There is a video circulating online from within one of our field hospital locations. That facility was erected for the purposes of bolstering our treatment capacity, and its conditions are exactly the same as field hospitals we have relied upon in past emergency situations, such as cyclones and other disasters. We are now in the midst of a wave of COVID-19 infections and, like most countries around the world, we have had to rapidly expand our health facilities by using these tents to care for COVID-19 patients and to ensure that all those who need beds and access to ventilators can have it. Even in developed countries, similar measures have been taken. As an independent civil servant, I find it very disheartening that some people, including media orgaisations, have sought to undermine this obvious and essential step to treat COVID-positive patients. Many people’s lives have been saved in those temporary facilities and we will continue to rely on their use until more Fijians are vaccinated and, as a direct result, the risks of severe disease and death due to COVID in Fiji are much lower. 
We have 317 new recoveries to report today, with over 4,550 recoveries from the virus in total. Recovery is possible. In fact, most patients will recover. The sooner those most at-risk are identified and treated, the more likely they will be to recover as well. Many of those recoveries will continue to come out of our field hospitals. 

The data from today tells the same sobering story we’ve seen since early May: We have an outbreak of severe disease and death among unvaccinated Fijians. Of the 144 lives we have lost to COVID in this outbreak, none were fully-vaccinated. 22 were partially-vaccinated, having received only one dose, and the rest had no vaccination. 
There is no stronger evidence pointing to why we must vaccinate all adults –- in particular those who are at greatest risk -– as quickly as humanly possible. It is the best available protection against the worst effects of the virus. 
So again, I ask that anyone who is yet to be vaccinated, please do so immediately. To our younger ones, get vaccinated yourselves and please help by bringing your parents, grandparents, and older community members to the nearest vaccination centre or drive through and give them the best possible protection against this virus. 
On a positive note, as of today, 410,495 individuals have received at least one dose and 83,732 are fully-vaccinated. For those who are fully-vaccinated, please remember that while you are offered very strong protection against severe disease and death, you can still get COVID-19 and pass it on to others so please adhere closely to our other COVID-safe measures.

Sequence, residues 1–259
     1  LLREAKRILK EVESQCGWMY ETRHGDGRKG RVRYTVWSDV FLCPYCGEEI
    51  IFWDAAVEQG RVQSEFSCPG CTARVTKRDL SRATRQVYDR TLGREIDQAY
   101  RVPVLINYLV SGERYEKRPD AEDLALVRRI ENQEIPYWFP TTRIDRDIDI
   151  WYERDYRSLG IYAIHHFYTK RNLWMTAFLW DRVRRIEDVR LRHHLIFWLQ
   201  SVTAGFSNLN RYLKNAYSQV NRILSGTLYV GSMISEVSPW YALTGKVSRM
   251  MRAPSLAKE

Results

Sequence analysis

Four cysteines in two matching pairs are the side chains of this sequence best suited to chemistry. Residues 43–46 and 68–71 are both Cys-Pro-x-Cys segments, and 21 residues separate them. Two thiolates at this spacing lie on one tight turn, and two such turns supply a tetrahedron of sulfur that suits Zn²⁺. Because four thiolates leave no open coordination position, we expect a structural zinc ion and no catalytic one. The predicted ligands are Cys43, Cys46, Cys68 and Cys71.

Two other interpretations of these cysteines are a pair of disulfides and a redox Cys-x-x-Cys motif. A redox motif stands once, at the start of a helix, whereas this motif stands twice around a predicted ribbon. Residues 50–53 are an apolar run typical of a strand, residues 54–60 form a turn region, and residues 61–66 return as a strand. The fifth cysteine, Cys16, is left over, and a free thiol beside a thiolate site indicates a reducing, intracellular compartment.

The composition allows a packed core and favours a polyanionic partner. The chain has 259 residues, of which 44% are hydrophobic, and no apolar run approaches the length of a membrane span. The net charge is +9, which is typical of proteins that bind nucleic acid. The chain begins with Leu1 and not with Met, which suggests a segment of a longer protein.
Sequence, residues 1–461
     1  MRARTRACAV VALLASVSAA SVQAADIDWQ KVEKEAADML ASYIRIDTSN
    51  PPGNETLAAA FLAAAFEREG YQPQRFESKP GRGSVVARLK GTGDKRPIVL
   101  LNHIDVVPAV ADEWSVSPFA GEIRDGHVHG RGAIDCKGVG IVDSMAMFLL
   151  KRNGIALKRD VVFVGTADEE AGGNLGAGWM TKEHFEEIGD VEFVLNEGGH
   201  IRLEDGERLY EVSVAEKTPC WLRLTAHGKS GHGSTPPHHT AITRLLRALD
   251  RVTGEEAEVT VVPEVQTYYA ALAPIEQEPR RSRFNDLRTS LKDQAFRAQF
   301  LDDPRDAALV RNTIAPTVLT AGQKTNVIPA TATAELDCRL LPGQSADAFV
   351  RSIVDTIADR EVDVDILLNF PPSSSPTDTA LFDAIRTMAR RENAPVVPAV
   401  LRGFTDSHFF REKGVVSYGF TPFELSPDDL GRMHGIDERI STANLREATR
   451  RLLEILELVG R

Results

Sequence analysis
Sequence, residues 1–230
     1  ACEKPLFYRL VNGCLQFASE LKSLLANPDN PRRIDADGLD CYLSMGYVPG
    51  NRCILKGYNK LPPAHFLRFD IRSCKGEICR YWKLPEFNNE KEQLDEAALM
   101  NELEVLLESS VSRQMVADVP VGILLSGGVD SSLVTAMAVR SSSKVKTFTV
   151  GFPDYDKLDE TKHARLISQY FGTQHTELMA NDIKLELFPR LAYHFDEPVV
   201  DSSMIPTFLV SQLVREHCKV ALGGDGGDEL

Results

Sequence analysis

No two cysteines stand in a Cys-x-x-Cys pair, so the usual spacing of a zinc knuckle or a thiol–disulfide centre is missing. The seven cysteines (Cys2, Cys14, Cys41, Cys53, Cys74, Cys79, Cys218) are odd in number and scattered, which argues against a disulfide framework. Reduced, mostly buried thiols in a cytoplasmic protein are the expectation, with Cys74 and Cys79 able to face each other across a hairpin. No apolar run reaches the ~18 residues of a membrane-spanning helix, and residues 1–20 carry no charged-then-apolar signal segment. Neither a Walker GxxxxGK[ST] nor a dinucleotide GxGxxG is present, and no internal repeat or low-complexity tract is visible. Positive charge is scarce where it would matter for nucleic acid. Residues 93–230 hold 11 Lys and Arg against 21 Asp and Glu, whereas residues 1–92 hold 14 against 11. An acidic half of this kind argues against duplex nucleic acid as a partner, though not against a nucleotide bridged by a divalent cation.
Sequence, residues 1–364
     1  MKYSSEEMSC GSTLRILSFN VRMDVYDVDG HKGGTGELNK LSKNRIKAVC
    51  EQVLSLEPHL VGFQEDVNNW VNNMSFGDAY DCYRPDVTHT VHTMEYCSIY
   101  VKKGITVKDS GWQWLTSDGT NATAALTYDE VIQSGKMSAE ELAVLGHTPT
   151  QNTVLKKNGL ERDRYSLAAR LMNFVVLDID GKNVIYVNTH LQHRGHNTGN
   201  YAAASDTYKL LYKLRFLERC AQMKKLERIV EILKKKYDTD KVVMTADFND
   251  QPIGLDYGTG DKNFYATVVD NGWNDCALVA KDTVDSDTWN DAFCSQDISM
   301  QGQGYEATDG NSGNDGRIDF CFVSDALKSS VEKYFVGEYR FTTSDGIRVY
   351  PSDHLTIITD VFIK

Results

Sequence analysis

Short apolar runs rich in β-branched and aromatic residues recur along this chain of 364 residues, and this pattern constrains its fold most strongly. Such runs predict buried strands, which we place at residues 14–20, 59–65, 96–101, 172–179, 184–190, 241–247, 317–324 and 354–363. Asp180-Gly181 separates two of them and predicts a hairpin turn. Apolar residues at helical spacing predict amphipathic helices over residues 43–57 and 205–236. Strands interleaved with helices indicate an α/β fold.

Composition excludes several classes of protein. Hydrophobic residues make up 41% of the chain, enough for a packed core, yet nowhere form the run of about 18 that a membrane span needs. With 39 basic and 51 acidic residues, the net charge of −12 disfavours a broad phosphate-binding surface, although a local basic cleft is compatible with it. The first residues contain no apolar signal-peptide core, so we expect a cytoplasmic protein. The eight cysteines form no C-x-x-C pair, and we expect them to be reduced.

For pregnant women and other high-risk individuals, we are also providing them access to the Moderna vaccine. A person only needs to wait 28 days between their first and second dose of Moderna vaccine so this means we can protect those who are at high risk, faster. 
To allow workplaces to reopen without crushing the capacity of our healthcare system, employees must be vaccinated. Social welfare recipients must be vaccinated as well. Even if the government has not mandated it for you, it is a mandate you should make for yourself. It only takes one look at our rising numbers of fatalities to see there simply is no morally or medically acceptable alternative. Get vaccinated. Do it as soon as you can. And go further: Tell your friends and loved ones why you have been vaccinated and why they should do the same. 
Not everyone will be vaccinated just because I recommend it, I know that. Some people place their highest trust in those around them, those in their communities, those at the dinner table with them, those they’ve grown up with and know their entire lives. By telling someone you love why you have been vaccinated and why they should too, you could be the voice that inspires them to be protected. You may well be better placed than any doctor to save their life and ease the strain of this outbreak of our healthcare system. So speak up. Sadly, many social media companies, like Facebook, provide the platform for lies and misinformation about vaccines to spread far faster than facts. So it is up to us to get the truth about vaccines –– and the proven protection they provide –– into the public domain and in front of those who need to hear that message most of all. 
In the meantime, we are continuing to target lockdowns in extremely high-risk areas. We are continuing to enforce the wearing of masks and the maintenance of physical distance. We are urging Fijians to stay home unless they have an essential reason to leave. And we are racing to vaccinate as many Fijians as we can. Do your part as well. Follow the rules, and be vaccinated when you have the chance. We have a target of fully vaccinating at least 80% of all eligible adults in Fiji by the end of October. We can get there. We will get there. And Fiji will be much safer for it. 

Thank you.